The AA has proposed amendments to the Highway Code which it says would improve safety on motorways.
In a letter to Road Safety Minister Jesse Norman, the motoring organisation says the changes are needed to "reflect progress in vehicle and road design".
According to the AA, at present the Highway Code only considers breakdowns on motorways with a continuous hard shoulder, but there are now more than 500 miles of 'smart' motorway -- some of which have hard-shoulder running at peak times, or no hard shoulder at all but Emergency Refuge Areas spaced every 2.5km.
As a result, the Highway Code needs to advise drivers what to do in the event of a breakdown where stopping on the hard shoulder isn't an option, the AA says.
The organisation is also calling for a rule requiring drivers to create an 'emergency corridor' in stationary traffic, to allow emergency services access to incidents on motorways where there is no continuous hard shoulder. This is already a legal requirement in some other European countries.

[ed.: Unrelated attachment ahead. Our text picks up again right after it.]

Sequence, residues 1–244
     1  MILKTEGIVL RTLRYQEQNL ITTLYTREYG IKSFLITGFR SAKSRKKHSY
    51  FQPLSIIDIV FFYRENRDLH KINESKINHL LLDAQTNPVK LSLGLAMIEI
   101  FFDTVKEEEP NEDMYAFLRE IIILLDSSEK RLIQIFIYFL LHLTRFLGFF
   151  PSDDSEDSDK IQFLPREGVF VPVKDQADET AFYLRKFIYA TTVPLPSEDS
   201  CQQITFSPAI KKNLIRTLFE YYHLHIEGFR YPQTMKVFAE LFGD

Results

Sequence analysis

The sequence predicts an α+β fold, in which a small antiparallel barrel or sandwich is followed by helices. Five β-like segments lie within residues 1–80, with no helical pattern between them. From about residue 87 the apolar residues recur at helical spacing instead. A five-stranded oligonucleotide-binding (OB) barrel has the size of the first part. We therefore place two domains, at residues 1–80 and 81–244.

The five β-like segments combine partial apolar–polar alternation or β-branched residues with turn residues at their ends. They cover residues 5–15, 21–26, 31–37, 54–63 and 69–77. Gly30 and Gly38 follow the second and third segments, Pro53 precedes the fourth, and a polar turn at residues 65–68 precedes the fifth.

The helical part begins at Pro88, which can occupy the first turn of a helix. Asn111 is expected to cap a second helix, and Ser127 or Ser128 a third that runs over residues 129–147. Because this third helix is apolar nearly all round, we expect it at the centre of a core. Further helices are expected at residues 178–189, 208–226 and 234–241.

Lastly, the AA said it wants to see a new 'slow down and move over' rule when passing broken-down vehicles on motorways, to help protect breakdown, recovery and emergency services workers.
Edmund King, AA president, said: "Eight out of 10 drivers (79%) say that motorways are more dangerous now compared to four years ago simply because of the removal of the hard shoulder.
"More than a decade on since the introduction of smart motorways, we see these changes to the Highway Code as a necessary step to try help save lives and improve safety and driver confidence when people use motorways."
Do you agree that the Highway Code needs updating?